Customizing Broadcasting Recursively for Collections of Arrays

I previously asked this question and am aware of the section in the manual about customizing broadcasting.

However, rather than defining a new type which behaves like a single array, I would like to define broadcasting recursively for types which contain several arrays (or types which are themselves collections of arrays). That is, imagine we have

struct A{T so that broadcasting is already defined for T}
a::T
b::T
end

If x::A, y::A, calculate z = x .+ y by calling z.a = x.a .+ y.a (etc.).

This would allow me to efficiently express algebra with large models I am building. Any ideas on how to do this?

Extending upon your previous solution, you’ll need to now implement broadcasting for your style. You do this by implementing copyto!(dest::A, bc::Broadcast.Broadcasted{MyStyle}). There are two challenges here:

  1. Implementing that method isn’t easy. You need to support any arbitrary combinations of fused expressions and do the indexing computations yourself — you can make this a bit easier (at the sacrifice of a bit of performance) by using Broadcast.flatten, which transforms the nested expression tree into a single function and a flat list of arguments. It’s still hard and annoying.

  2. Perhaps more importantly, you’re at the edge of (or possibly beyond) supported broadcasting use-cases. Broadcast is defined as doing an element-wise computation, but what is an “element” of A? See Broadcasting in 0.7 and https://github.com/JuliaLang/julia/issues/27988#issuecomment-403319535 for more details.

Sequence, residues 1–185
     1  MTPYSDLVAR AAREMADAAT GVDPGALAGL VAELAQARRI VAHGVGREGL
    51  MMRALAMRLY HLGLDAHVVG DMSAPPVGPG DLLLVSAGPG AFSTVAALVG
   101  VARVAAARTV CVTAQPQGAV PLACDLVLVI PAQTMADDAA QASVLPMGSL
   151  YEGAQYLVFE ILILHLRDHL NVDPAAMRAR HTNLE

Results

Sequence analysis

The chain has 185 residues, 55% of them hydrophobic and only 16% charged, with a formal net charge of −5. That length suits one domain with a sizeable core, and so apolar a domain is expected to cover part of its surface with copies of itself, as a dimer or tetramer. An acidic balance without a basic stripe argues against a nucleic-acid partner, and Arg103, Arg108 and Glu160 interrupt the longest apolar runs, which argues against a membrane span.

1 Like

Thank you for your response!

My thinking and use case is similar to marius311 in the GitHub link. Essentially, I am just looking for a way to call the already implemented broadcasting rules of the fields of my type, using the dot syntax for my type.

What I got out of this is now:

  1. What I want to do is currently not considered broadcasting even though it could be phrased as such (see marius311’s way of supporting indexing in his Foo type). However, such indexing or flattening would incur a performance hit.

  2. If I implement broadcast, broadcast! methods for my types, I can get what I want at the expense of notational ease and readability.
    This could look like

function broadcast!(f, dest::A, x::A, y::A)
@. dest.a = f(x.a, y.a)
@. dest.b = f(x.b, y.b)
end

Since this came up before, I am wondering if this use case could ever be supported by broadcasting. Given that it is easy to implement the broadcast methods in this case, could they be as easily translated to a dot syntax for A?

In any case, thank you for your help!

The trouble is that it’s at odds with the definition of broadcast. How should we define broadcast if it doesn’t mean an elementwise operation?